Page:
West Australian schools have been urged to provide greater support for year 12's sitting WACE exams, after the number of students experiencing clinical levels of stress had risen significantly.
A study by the University of New South Wales revealed 42 per cent of year 12 students registered high levels of anxiety, severe enough to be of clinical concern.
The ratio was nearly double the population norm and significantly larger than recorded by previous studies.
Of the 722 students surveyed, 37 per cent of students experienced above average levels of stress, while 19 per cent were found to have physical symptoms such as nausea.???
Year 12 student Emily Spasevski is studying five WACE subjects at Perth's Sacred Heart College and said the lead up to exams had noticeable effects on her mood.
"I find myself more irritable," she said.
"I disregard people and have become more dismissive."
Emily claims the stress has also had profound effects on her sleep pattern.
"Personally, I find it hard to focus and sit there for hours on end typing and writing notes," she said.
"When I don't get a certain amount of work done, I'm laying [in bed] thinking about what I could have done.
"I like to set myself goals during the day and if I don't achieve them, I'm left stressing at night."
Emily said she was aware of several peers experiencing symptoms of anxiety.
"As students we don't want to put our hand up and say 'hey, I'm struggling'," she said.
"Everyone likes to joke about how hard things are, but if you really get down to the root of it, everyone is suffering.
"A lady that came in [to work] the other day said she basically lost a child for a year - her daughter sacrificed so much and didn't go out with friends because she was studying all the time."
Emily expressed her disappointment in the lack of empathy from a number of people who had taken to social media, criticising the students for speaking out.
"People say we don't understand what real stress is, but fail to realise that this is all we know," she said.
"We don't know what it's like having a mortgage; we don't know what it's like to have kids.
"Our life is school."
Headspace community awareness manager Annabeth Bateman said the issue was widespread and the organisation had reported an influx of students seeking advice.
"We've seen a big increase since last year," she said.
"Our numbers take a huge jump in August and September in the lead up to exams."
Ms Bateman said although the students levels of anxiety were at their highest during the examination period, the number of students who seek help generally goes down - and that's part of the problem.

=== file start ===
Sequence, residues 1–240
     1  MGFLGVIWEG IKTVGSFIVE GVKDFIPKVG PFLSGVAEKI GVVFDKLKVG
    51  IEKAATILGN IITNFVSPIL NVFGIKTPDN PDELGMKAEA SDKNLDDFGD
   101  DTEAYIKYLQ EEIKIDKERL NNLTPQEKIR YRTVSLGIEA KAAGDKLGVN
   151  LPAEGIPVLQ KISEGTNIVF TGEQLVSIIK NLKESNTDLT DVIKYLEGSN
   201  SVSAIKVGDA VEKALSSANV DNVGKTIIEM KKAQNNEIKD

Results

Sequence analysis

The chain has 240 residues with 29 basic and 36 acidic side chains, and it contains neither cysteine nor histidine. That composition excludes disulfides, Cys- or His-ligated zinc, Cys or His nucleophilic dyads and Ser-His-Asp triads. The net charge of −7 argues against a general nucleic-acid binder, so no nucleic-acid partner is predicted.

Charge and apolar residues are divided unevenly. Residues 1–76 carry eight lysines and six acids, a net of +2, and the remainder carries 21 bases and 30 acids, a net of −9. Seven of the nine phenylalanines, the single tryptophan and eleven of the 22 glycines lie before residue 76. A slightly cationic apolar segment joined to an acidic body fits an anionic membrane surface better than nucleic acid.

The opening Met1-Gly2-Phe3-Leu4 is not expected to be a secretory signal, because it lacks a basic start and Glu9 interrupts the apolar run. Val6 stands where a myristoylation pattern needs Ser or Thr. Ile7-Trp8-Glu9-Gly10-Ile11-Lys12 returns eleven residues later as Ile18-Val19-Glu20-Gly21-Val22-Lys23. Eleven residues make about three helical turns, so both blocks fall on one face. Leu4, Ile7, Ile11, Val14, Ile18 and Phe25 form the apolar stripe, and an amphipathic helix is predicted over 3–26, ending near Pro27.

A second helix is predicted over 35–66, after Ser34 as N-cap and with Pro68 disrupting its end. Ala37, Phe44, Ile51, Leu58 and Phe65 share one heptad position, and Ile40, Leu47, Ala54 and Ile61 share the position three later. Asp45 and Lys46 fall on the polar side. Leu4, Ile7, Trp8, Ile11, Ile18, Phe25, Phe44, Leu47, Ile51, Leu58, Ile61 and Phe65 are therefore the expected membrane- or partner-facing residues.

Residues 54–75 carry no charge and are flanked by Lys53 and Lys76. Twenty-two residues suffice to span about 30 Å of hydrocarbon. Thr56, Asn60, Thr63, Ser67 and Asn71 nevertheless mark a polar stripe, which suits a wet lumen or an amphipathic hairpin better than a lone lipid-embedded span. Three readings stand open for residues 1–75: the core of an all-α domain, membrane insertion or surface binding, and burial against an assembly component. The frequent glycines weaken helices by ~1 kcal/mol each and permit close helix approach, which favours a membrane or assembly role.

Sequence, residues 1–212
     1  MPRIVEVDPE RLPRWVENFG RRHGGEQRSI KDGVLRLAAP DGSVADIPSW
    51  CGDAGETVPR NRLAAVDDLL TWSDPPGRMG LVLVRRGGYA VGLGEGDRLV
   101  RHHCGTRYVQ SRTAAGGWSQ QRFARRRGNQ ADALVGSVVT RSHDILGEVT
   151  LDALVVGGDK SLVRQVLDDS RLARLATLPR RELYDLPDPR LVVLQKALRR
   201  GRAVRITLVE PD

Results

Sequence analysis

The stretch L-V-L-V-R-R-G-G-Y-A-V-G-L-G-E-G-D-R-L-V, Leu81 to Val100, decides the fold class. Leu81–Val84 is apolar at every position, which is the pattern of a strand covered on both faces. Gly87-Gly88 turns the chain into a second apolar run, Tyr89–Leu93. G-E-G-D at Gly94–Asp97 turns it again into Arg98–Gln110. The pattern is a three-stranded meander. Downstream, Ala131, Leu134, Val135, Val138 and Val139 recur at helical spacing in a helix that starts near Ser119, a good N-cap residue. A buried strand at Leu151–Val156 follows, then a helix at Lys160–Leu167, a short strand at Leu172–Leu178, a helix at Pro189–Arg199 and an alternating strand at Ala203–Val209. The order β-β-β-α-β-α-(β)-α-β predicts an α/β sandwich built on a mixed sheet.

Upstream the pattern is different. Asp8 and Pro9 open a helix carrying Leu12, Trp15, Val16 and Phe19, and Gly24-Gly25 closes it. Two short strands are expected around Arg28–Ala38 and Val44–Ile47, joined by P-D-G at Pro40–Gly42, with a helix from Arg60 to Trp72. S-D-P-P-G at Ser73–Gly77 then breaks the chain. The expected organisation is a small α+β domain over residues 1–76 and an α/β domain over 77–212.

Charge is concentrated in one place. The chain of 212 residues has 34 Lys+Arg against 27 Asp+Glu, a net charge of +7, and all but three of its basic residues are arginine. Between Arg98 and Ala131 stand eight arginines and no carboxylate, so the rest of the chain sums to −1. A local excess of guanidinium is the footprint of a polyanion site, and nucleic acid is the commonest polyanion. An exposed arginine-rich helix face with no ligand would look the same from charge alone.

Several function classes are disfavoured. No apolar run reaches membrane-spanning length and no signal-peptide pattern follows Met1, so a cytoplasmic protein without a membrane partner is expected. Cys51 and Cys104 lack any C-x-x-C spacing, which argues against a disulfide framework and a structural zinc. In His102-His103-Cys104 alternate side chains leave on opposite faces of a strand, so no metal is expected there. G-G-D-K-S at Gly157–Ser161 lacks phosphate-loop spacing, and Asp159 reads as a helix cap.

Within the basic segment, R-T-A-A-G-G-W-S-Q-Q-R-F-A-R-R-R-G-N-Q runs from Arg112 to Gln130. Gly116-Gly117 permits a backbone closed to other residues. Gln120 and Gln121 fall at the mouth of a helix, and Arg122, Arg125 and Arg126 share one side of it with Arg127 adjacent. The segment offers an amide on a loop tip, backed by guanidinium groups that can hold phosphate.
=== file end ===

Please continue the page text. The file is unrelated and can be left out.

"Students are usually busy studying and forget to seek help," she said.
"When you're struggling the most, that's when you really need that support in place."
Ms Bateman said lack of sleep was a common concern amongst students.
"Anxiety often leads to poor sleep and interrupted appetite," she said.
"When students don't get enough sleep it makes things harder for them, because the next day they're only operating on half a tank."
The study also indicated that stress, anxiety and pressure levels were found to be highest amongst girls.
But Ms Bateman encouraged students struggling to seek help, in aid of breaking down the stigma around mental health.
"Stress is a normal part of life and it's to be expected when you have exams," she said.
"But if it's getting to the point where it's interfering with your life, that's when you should be asking for help."
School Psychology Service manager Chris Gostelow said exams often brought about additional stress, and school staff had been trained to use a range of strategies to help students cope during these times.
"Staff work to build resiliency in students throughout their school years and by the time Year 12 arrives, students are well practised in sitting examinations," he said.
Ms Bateman claimed the impact of exams on mental health was not limited only to senior students.
"It's not just year 12's, it's students all throughout highschool - but there's certainly extra pressure on senior students," she said.
Emily said her school had recognised the widespread need for support and appropriate measures had been put in place to aid students during this difficult time.
"The school psychologist [at Sacred Heart] and the health captains were handing out chocolates saying 'have a kit-kat, have a time out' - it was a great way to advocate the importance of mental health," she said.
"We also received advice on how to stay calm during exams - there are some fantastic teachers here that are really supportive.
"It's good that at Sacred Heart we have teachers that aren't seen just as teachers - they're seen as adults and even friends."
Emily said she was hopeful WA schools would continue to provide additional support and offered advice for future students.
"My biggest regret was not getting into a good study routine throughout year 11 and 12 - the routine itself is so important," she said.
"I'd definitely say keep up your sport and social aspect - keeping a balance is so important.
"We can't put our life on hold for exams, it's just not reality."
Ms Bateman said Headspace had launched a new online based program to provide support to senior students entering the next stage of their lives.
"We understand a lot of students are really stressed, particularly about what happens after [exams]," Ms Bateman said.
"The Digital Work and Study Program can assist in navigating centrelink, looking at education options and writing a resume.
"It's really aimed at helping motivate young people and make sure they're aware of all of their options."
Students experiencing issues with mental health are encouraged to contact Headspace for additional support at www.headspace.org.au.